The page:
UK & World News
Olympics: More Troops Could Go On Standby
The Government is making plans to deploy an extra 2,000 troops to cover Olympic security gaps left by G4S, Sky News has learned.
Another 3,500 soldiers have already had to be drafted in after the beleaguered firm admitted it was not going to be able to provide the 10,400 guards it had promised, taking the full deployment to 17,000.
But Sky's Defence and Security Editor Sam Kiley has discovered a further 2,000 are also being kept in reserve as a contingency in case there are further issues.
The news came ahead of an annoucement this afternoon that the Home Affairs Select Committee has recalled G4S boss Nick Buckles to give evidence again on September 11.
Mr Buckles faced the committee yesterday and was forced to acknowledge that his company's failure to provide enough guards for the Olympics had been a "humiliating shambles".
He will reappear at the committee on the same day as Home Secretary Theresa May.
Meanwhile, a final decision on whether to officially put the extra 2,000 troops on "notice to move" will be taken this Thursday - just eight days before the opening ceremony, according to a Home Office source.
The source said: "This comes after very intrusive examination of G4S management and, while we are confident that recruitment targets will be met, it is prudent to make contingency plans of this kind.
"If the decision is taken, it will mean that the personnel will be told to be ready to move but will not be moved."
Kiley said: "These extra 2,000 personnel, if they are told to be ready to move, will not be able to do anything else. They will be a reserve force there to cover any gaps both in the military but, above all, in G4S's recruitment campaign."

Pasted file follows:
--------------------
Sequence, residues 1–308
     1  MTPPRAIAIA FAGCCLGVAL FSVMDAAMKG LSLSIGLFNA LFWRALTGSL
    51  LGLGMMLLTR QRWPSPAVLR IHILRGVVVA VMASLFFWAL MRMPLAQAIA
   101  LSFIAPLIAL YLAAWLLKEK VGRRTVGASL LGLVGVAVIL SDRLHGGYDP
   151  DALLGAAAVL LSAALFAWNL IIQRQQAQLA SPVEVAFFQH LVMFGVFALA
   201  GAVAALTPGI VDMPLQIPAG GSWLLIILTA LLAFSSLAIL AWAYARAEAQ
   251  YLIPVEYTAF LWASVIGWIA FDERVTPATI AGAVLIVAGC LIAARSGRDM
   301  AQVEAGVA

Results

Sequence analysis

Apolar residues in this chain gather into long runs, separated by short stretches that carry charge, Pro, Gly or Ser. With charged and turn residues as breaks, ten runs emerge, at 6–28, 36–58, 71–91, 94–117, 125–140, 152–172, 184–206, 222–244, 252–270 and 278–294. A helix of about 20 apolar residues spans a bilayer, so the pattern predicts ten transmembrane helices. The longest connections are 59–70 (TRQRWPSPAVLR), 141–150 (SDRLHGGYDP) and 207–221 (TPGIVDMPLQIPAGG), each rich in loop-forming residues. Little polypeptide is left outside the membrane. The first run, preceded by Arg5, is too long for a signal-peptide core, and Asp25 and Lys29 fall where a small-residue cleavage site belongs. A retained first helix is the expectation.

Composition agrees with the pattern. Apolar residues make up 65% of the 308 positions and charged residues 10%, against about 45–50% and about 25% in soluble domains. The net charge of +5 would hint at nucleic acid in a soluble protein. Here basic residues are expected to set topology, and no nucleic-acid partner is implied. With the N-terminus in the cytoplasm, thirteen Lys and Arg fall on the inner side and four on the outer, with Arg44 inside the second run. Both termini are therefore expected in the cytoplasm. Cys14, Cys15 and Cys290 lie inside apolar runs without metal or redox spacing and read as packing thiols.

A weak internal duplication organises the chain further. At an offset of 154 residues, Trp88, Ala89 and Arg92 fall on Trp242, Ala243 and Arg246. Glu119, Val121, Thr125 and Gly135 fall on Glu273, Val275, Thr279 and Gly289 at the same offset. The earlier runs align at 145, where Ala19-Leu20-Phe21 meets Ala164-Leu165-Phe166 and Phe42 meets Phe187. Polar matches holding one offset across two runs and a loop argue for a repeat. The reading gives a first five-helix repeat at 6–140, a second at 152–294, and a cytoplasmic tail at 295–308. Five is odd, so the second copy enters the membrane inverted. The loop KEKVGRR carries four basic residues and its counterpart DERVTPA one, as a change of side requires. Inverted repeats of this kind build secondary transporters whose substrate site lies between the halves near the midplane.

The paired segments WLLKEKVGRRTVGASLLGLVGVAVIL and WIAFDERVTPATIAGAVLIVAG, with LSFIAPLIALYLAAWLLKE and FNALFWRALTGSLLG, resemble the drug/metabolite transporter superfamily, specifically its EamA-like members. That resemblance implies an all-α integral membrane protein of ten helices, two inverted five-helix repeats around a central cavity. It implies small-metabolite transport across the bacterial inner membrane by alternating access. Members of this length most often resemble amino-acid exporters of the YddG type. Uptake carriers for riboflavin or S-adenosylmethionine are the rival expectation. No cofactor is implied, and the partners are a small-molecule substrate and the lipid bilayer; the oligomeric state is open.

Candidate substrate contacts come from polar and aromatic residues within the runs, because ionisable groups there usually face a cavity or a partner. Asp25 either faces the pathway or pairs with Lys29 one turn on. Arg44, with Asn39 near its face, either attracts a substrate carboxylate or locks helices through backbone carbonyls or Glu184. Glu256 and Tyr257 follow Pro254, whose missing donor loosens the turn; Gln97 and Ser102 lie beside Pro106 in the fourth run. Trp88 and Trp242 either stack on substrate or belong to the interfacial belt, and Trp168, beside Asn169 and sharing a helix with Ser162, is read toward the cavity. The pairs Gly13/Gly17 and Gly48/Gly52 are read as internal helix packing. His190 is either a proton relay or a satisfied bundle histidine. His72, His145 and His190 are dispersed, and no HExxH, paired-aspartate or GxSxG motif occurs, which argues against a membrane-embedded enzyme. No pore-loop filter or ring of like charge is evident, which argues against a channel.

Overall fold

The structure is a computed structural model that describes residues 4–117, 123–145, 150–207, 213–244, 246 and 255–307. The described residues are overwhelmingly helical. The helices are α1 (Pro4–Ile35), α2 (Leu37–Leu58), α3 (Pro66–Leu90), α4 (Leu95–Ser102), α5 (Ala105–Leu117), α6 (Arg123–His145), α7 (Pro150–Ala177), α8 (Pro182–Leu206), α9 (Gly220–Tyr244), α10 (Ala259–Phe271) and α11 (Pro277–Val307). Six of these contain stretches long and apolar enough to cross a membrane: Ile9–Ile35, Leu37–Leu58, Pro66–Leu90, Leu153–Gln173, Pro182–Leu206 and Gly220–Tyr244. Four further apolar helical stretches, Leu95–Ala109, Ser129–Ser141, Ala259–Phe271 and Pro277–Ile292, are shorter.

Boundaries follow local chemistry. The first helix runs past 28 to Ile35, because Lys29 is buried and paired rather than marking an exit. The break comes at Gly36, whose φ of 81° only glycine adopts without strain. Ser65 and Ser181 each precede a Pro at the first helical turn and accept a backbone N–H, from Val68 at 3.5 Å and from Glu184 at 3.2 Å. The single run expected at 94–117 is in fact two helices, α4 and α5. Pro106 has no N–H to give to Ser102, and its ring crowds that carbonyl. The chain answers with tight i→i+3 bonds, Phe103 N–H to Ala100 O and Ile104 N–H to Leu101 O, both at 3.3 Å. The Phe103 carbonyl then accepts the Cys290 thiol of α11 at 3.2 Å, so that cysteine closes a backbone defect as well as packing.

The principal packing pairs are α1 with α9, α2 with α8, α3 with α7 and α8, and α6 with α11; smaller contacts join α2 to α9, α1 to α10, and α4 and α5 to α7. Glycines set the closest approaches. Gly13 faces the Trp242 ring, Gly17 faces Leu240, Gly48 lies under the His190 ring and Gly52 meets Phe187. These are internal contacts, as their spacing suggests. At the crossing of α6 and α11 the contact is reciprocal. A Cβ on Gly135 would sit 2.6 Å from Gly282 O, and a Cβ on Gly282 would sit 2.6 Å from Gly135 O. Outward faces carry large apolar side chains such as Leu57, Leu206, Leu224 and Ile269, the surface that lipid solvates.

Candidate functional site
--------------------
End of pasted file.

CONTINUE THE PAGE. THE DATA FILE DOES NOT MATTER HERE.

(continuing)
The potential further deployment will increase concerns about where soldiers are being housed for the duration of the Games and their living conditions.
"If they get moved in at very short notice, the living conditions they face will be that much more austere," Kiley said.
"A Home Office source has said, 'We will look after them.' What that really means is that they will be going to G4S and saying, 'We need some money - it's your mess, you've failed to meet the terms of the contract and this isn't going to come out of public funds.'"
An MoD spokesman said: "Should there be a requirement for additional military personnel the MoD will do whatever possible to make them available. At the present time no further requests have been received but, as people would expect, an ongoing programme of prudent planning continues."
The plans emerged after G4S chief executive Nick Buckles told MPs he wished the firm had never signed the contract to provide security for the Games.
Appearing before the Home Affairs Select Committee on Tuesday, Mr Buckles insisted the company will still claim its £57m management fee.
The businessman, who is under pressure to quit his £830,000-a-year post, has promised that G4S will pay any costs to the military and police caused by the company's failure, including for their accommodation.
Sports Minister Hugh Robertson warned on Wednesday that the Government would activate "all penalty clauses" in the G4S contract and also signalled the £57m fee would be targeted.
Asked if Mr Buckles should resign, Mr Robertson suggested he should stay in his post until after the Olympics to avoid further turmoil.
"The important thing is that we deliver a safe and secure Games, and G4S remain a key partner in that, so I want stability in that firm and delivery. I don't want resignations causing chaos," he said.
"What happens to Mr Buckles afterwards is a matter for others in the post-Games environment."